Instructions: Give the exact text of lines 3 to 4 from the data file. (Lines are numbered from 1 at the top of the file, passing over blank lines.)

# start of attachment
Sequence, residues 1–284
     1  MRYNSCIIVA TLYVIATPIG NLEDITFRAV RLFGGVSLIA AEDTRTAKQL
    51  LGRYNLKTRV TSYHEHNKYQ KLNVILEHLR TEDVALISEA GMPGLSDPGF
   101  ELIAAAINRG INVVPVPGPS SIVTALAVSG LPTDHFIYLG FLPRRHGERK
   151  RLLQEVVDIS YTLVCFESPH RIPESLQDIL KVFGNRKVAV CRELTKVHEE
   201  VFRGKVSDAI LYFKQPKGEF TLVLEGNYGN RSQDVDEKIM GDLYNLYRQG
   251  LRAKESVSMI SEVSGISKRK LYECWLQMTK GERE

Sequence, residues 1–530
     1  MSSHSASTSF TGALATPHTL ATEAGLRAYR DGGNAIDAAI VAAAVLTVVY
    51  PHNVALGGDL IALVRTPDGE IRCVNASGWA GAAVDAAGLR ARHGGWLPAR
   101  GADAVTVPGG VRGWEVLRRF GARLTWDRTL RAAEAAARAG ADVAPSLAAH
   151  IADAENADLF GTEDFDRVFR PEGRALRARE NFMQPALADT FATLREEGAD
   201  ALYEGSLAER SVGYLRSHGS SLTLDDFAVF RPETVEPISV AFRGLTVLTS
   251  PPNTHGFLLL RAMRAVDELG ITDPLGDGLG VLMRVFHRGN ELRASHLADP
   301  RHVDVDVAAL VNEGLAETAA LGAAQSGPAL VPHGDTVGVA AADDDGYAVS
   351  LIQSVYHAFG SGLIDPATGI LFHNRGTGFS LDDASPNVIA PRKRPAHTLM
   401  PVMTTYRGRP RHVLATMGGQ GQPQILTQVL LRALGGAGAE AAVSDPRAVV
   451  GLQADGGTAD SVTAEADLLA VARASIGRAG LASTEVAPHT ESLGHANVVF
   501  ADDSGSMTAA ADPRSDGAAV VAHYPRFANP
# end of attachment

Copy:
    51  LGRYNLKTRV TSYHEHNKYQ KLNVILEHLR TEDVALISEA GMPGLSDPGF
   101  ELIAAAINRG INVVPVPGPS SIVTALAVSG LPTDHFIYLG FLPRRHGERK